Guests have new incentives to download hotel apps under COVID-19, overcoming the historic barriers to adoption for smaller hotel enterprises. However, where the hotel does not offer a mobile app check-in solution, other options include the lobby kiosk approach which reduces, but does not fully eliminate, the touch requirement. However, there has been a recent surge in the availability of UV-C lighting that can be incorporated into the kiosk hardware that can effectively sanitize the touch surface between each guest. Prism expects to see all kiosk vendors rushing to retrofit this UV-C feature.
Where the guest is still required to visit the front desk to check-in, we are seeing some innovative technical solutions to effect social distancing. Perhaps the most radical (short of using one of the Japanese human-form robots, that look far too real in our book), is the installation of the check-in screen facing toward the guest at the front desk, through which they conduct the check-in process via video link to the clerk who is either sitting in front of their PMS terminal in the back-office, or potentially at a contact center on the other side of the world. This check-in process is like using a self-serve kiosk, but with a real person checking you in. Large hotel brands are already prototyping this.
The physical presentation of a government-issued ID is typical and usually involves the receptionist taking the ID from the guest to inspect it closely. As there is no reason for the ID to be physically touched, the scanning can occur using a camera, just as one would capture a check for mobile bank deposits. Also, the concept of pre-registering for your stay is already institutionalized within the cruise industry.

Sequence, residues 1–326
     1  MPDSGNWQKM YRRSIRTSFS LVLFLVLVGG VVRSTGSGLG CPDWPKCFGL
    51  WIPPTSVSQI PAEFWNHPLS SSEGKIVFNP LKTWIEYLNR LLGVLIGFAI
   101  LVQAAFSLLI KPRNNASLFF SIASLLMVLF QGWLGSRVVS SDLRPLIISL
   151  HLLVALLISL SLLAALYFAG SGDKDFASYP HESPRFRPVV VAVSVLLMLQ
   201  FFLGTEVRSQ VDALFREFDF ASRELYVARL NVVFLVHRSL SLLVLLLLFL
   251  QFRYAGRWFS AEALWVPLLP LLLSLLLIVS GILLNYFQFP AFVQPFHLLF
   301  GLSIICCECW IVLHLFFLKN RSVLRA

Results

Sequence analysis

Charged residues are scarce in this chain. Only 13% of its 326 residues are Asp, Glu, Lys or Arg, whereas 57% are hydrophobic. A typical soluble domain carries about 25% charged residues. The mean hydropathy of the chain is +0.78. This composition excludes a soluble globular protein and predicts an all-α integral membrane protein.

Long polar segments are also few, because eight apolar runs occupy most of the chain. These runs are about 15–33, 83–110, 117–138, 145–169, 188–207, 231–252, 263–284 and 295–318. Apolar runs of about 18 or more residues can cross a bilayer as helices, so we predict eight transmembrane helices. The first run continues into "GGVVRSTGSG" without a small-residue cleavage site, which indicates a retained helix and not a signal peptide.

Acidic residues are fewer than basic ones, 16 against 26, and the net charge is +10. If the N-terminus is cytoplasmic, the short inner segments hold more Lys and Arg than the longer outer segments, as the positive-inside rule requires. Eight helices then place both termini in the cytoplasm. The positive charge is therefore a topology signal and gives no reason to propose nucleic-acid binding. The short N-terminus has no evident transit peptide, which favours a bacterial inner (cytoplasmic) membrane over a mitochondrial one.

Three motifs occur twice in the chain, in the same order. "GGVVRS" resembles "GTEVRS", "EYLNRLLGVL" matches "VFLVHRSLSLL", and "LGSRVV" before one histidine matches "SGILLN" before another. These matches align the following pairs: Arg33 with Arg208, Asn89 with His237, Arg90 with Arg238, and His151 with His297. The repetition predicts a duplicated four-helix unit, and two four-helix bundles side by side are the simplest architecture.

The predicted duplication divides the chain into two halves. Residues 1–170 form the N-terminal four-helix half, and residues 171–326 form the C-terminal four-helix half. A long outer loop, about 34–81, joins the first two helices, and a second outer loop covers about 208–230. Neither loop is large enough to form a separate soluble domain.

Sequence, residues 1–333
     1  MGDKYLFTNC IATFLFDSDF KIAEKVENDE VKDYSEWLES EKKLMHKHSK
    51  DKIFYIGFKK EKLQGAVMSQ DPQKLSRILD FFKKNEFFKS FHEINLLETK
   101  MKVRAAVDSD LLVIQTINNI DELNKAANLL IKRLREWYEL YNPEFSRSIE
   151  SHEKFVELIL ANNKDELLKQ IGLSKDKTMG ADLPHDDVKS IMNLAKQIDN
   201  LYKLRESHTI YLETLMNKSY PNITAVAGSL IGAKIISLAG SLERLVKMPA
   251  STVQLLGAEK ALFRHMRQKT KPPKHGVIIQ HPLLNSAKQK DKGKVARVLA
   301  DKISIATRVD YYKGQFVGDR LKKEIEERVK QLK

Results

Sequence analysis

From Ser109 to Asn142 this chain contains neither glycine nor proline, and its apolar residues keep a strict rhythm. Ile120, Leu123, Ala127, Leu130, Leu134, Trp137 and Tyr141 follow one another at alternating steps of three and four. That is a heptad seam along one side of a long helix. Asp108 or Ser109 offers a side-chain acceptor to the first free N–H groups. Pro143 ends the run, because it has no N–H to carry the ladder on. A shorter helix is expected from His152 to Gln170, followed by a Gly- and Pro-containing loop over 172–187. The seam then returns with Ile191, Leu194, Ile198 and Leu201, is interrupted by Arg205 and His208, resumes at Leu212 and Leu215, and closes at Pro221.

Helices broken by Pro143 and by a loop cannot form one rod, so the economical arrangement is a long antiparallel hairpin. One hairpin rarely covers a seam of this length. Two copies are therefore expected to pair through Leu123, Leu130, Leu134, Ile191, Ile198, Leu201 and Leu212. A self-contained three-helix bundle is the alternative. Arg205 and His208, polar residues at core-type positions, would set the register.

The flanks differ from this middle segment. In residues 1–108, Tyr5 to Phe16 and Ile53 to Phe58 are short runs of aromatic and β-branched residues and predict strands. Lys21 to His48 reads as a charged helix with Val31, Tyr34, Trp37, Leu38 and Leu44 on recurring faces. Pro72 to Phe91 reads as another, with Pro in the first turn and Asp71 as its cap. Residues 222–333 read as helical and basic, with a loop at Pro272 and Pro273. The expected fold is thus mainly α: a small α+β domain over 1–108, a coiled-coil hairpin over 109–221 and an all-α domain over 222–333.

Ultimately, the guest will need to receive some means of operating the lock of their sleeping room door. Again, the march toward the full-featured mobile app comes into play. Mobile key is the most effective way to eliminate many physical key-related touchpoints. If employing a kiosk check-in solution, the physical keycard is much less of an issue as the key will have probably only been touched by the key encoder/dispenser and by the guest themselves.
To/from the room
Getting to and from the guest room will generally involve the use of an elevator. Hailing the elevator will require the guest to touch the elevator call button. Once in the elevator, the desired floor button will be touched.
Several integrated technologies are already available and can be employed. The Access Control System (the hotels keys and door locking system) is the potential primary player as it controls access to most of the property’s doors and portals including the ability to provide access control to the elevators. Methods of electronic guestroom access can also be used to call an elevator and enable access to permitted floors. Newer elevator solutions now have an option to feature proximity-touch-activated buttons rather than physical-touch buttons. Voice-activated elevator controls are another option to reduce physical touchpoints.
Setting aside the mobile key solution for a moment, and assuming the ubiquitous use of keycards with mag-stripe, BLE or RFID proximity technologies, none of these types of card eliminate the requirement for the guest to touch the door handle.
In an attempt to solve this, several major lock manufacturers are investing in the ability to not only release the lock but also “bump” the door open slightly so the handle need not be touched.
These are some of the more obvious high-profile technology solutions relative to guest touchpoint avoidance for the first portion of the guest stay.
Mark Hoare and Mark Haley are partners at Prism Hospitality Consulting.